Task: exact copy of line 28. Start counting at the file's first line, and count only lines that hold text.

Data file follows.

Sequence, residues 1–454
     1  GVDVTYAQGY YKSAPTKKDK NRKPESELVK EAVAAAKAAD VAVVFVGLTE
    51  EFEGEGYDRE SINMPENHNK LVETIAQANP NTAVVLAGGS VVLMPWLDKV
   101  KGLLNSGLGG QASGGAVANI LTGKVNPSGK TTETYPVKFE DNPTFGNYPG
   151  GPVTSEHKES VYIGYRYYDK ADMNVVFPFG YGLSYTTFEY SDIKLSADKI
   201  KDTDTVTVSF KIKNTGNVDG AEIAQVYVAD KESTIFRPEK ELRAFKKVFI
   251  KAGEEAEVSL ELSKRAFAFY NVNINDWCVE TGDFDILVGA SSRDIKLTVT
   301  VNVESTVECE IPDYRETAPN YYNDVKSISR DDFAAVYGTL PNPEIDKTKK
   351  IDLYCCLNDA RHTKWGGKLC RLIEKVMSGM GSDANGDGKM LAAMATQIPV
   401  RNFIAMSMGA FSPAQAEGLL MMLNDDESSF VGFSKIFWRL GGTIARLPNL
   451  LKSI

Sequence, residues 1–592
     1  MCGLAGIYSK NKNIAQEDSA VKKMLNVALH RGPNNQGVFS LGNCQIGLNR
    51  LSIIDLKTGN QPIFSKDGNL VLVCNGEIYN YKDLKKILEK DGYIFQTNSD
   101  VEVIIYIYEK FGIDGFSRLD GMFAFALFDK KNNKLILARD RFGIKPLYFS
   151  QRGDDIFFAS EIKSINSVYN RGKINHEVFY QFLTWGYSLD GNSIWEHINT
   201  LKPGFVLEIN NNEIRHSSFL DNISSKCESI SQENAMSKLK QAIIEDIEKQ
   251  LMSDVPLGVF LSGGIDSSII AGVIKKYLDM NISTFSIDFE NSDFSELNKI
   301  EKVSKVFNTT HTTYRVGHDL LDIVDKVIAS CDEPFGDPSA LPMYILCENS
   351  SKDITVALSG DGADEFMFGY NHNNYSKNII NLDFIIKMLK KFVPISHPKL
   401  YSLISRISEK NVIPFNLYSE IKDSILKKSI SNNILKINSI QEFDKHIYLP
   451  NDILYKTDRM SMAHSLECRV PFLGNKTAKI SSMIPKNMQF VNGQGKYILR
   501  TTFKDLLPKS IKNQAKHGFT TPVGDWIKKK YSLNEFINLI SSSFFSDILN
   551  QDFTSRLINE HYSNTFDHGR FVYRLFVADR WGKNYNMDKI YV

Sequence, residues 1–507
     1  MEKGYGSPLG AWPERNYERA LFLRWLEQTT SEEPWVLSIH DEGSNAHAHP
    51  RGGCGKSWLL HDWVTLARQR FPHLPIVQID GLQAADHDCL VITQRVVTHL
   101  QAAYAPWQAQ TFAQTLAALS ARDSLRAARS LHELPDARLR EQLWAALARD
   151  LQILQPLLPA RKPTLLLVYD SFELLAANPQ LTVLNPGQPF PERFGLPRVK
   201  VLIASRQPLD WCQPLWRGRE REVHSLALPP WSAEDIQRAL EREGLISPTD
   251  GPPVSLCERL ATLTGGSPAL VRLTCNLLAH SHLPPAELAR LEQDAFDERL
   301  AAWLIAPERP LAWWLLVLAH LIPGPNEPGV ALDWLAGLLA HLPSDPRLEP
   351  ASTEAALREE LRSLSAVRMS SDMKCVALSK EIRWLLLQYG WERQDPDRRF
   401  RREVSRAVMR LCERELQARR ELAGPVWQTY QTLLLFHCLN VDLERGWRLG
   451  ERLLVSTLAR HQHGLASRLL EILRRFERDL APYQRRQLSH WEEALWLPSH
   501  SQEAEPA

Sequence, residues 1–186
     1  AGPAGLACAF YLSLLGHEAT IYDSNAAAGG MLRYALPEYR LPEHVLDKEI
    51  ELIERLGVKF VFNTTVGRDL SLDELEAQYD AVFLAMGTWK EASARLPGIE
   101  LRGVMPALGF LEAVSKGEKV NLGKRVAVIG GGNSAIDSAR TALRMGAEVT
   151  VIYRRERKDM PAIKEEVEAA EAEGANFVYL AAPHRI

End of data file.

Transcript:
   101  QAAYAPWQAQ TFAQTLAALS ARDSLRAARS LHELPDARLR EQLWAALARD